McClelland says he had been looking for a project for them, so when the idea of Working Class Dogs began formulating last fall, he contacted Brewer to see if he'd be interested. "He's incredibly talented," McClelland says of Brewer. "I knew of his aptitude for learning new stuff quickly, and that he could easily decipher some of the more subtle guitar stuff that was above my pay grade as a guitarist."

The only problem: Brewer wasn't familiar with Springfield's catalog.

"It's a cultural phenomenon I just missed," Brewer says. "Brian's a little older; it meant more to his generation."

As he dug his teeth into Springfield's albums, Brewer says, he found heartfelt pop songs with a voice.

"It's catchy," Brewer continues. "[Springfield] is to Brian's generation as Weezer is to us." The two began working out some of the songs as a duo before bringing in bassist Hainz. Then they brought in drummer Mazzuca and keyboard player Work and singer Conaway.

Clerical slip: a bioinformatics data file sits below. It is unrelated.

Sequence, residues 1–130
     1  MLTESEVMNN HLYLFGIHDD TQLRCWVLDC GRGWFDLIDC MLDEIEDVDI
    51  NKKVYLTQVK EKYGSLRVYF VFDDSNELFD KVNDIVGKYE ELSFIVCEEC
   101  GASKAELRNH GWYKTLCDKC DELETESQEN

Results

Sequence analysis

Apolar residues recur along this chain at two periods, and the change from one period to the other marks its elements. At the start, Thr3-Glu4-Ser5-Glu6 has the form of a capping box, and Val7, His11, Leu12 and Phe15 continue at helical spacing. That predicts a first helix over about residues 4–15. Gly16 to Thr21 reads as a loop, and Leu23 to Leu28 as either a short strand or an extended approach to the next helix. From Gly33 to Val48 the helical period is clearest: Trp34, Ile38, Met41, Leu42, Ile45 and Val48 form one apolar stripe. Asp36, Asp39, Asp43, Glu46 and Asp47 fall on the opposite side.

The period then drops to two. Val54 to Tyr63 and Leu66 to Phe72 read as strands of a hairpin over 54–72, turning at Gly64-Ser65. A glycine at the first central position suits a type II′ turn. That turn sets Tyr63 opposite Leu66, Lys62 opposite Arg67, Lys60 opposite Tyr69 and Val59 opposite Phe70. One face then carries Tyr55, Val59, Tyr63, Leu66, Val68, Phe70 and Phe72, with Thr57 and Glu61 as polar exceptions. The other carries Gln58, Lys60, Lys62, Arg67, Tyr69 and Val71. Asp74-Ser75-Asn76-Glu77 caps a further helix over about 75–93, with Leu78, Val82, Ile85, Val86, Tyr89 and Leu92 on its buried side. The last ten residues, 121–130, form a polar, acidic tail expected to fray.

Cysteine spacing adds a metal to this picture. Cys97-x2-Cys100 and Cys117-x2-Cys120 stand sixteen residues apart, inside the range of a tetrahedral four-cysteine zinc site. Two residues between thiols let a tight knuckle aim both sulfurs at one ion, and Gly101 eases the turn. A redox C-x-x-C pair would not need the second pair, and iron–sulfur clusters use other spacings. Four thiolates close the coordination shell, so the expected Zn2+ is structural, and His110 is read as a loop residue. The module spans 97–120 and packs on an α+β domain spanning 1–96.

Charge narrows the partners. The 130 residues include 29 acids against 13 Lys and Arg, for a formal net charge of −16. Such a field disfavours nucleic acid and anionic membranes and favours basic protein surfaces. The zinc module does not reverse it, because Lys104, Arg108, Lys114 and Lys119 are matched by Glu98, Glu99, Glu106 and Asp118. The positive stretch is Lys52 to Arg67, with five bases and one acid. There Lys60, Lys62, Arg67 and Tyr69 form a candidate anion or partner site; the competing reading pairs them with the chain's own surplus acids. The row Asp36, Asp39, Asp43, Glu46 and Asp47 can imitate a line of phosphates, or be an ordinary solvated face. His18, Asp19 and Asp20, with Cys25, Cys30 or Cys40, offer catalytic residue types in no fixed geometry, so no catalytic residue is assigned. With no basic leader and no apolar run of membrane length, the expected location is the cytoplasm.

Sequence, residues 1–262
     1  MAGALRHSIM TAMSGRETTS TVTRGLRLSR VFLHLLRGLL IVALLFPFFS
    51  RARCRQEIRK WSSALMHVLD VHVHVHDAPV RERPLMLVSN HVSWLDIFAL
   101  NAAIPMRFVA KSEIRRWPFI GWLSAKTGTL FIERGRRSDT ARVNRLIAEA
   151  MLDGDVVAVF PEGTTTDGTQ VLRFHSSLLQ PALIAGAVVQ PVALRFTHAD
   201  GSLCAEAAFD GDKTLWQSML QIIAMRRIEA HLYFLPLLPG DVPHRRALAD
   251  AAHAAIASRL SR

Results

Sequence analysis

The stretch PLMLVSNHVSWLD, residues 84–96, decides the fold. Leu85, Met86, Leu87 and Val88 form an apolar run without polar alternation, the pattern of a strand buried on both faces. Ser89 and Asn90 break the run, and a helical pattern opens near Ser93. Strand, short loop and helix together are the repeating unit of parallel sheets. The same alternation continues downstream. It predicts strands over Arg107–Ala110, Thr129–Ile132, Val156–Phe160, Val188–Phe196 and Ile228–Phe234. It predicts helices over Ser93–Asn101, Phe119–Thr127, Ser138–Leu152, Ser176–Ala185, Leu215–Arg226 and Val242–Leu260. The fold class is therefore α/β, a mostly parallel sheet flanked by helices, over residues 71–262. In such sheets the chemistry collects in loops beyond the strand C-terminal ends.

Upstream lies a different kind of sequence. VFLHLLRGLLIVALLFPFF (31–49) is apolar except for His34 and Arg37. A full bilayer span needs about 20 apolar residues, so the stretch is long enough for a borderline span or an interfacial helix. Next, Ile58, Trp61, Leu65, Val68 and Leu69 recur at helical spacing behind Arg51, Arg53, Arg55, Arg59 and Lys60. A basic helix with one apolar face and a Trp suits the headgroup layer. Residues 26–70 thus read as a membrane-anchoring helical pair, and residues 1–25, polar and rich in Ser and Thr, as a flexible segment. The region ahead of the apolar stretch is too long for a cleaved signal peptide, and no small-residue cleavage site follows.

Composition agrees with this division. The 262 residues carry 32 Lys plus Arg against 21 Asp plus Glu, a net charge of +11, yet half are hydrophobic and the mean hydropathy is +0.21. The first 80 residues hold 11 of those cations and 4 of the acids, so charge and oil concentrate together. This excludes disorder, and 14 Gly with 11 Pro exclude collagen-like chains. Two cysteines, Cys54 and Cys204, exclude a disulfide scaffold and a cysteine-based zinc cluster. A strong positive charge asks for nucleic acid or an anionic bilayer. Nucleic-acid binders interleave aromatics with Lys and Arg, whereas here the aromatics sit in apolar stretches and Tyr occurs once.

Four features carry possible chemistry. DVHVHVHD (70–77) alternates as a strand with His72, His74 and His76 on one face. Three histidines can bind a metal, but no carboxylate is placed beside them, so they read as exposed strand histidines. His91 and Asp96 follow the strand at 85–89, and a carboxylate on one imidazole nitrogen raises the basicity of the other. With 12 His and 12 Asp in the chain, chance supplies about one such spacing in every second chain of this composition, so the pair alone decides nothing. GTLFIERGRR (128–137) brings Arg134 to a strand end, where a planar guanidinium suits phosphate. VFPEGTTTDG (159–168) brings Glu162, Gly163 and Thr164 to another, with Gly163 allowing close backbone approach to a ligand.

"To hear the five of us has been refreshing, getting us excited," Brewer says. "Brian's really nailing the vocals. When it's something he's loved for so long, he really puts his heart and technical ability into it."

McClelland's love is infectious. "The opening song is going to be so freaking cool," Brewer says, declining to name it. "I can't believe I hadn't heard that Rick Springfield song. It's really good."

In the same way hearing Working Class Dogs won over Brewer, McClelland hopes the group can do the same for those who may attend the show for a laugh.

"There's an '80s kitsch element to most major '80s pop music," McClelland acknowledges, but "we're definitely not going the '80s cover band wearing funny wigs and sunglasses' route. These songs are so great, and this band behind me is so topnotch, that hopefully you'll find it transcends kitsch."

Working Class Dogs: A Tribute to Rick Springfield 9 p.m. Friday, March 13. Off Broadway, 3509 Lemp Avenue. $10. 314-773-3363.